In the expression used in the
if command I have to escape the
$ characters so the token don’t get replaced.
isempty command simplifies this:
if(isempty($1$)) (exit (Missing parameter 1))
isempty simply results in
true if the input has length of zero (is an empty string).
not function negates the value of the expression passed to it.
if(not(@title = 'sitecore')) (echo (Title is not Sitecore))
This is very handy as you’re not always wanting to know if some condition is true, sometimes you want to find the opposite case.
Sitecore 7 and Content Search
Revolver 2.2 adds support for Sitecore 7 and 7.1. Plus, we’ve added a new command enabling users to use Sitecore 7’s content search within Revolver. The new
csearch command uses the content search API. It is very similar to the
search command, which remains in the Sitecore 7 build of Revolver because the Sitecore search API still exists in Sitecore 7.
You may now realize that this command is the reason for the
isbound function above, to allow users to test if they can use
csearch or not in their scripts. Of course
csearch does not exist in Revolver 2.2 for Sitecore < 7.
csearch command uses the same syntax used by the search UI in Sitecore 7. So to search for something by name:
csearch _name:sitecore pwd
And to combine multiple clauses, separate each by a semi-colon (
csearch (_name:sitecore;_templatename:sample item) pwd
The default combination operator used is “SHOULD” (or) so the above query is searching for items with name “sitecore” or template name “sample item”. To change the operators, prefix the field name with a plus (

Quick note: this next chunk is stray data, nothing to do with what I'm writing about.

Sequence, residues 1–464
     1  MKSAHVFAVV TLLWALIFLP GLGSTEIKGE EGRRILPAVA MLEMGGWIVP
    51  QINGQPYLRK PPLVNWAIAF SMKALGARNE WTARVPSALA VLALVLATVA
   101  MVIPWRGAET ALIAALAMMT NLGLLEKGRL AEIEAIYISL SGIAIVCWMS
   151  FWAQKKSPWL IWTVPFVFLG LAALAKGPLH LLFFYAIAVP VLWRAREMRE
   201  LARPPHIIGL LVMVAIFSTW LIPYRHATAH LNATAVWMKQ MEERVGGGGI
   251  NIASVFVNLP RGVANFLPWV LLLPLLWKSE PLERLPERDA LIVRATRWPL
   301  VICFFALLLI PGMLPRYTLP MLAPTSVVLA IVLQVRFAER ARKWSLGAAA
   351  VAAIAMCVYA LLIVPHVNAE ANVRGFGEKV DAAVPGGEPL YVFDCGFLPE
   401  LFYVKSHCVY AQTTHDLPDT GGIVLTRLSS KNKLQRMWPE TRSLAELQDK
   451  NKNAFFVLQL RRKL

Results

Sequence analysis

+) for “MUST” or a minus (
-) for a “MUST NOT”.
csearch (+_name:sitecore;+_templatename:sample item) pwd
Now you’re search for items with name “sitecore” AND template name “sample item”.
Fixed Some Regression
So it appears Revolver 2.1 may have lost the
clone command for Sitecore 6.4 and above…damn conditional symbols! But they’re back in Revolver 2.2.
Revolver 2.2 has moved a few of it’s installation files round. In particular, it’s moved all text assets (the Sheer UI form XML, JS and CSS files) out of the
sitecore folder and into the
sitecore modules folder to keep everything together and separate from Sitecore. As a result, if you have an older version of Revolver already installed then as part of the installation process you’ll need to remove the old folder so the new Sheer XML file can be found. The details are provided in the “read me” of the installation package, just don’t forget to read the “read me” and delete the old folder.
And as always, you can get help on these new commands simply by executing the
# Get a list of available commands help # Get help for a specific command such as csearch help csearch
Happy scripting everyone!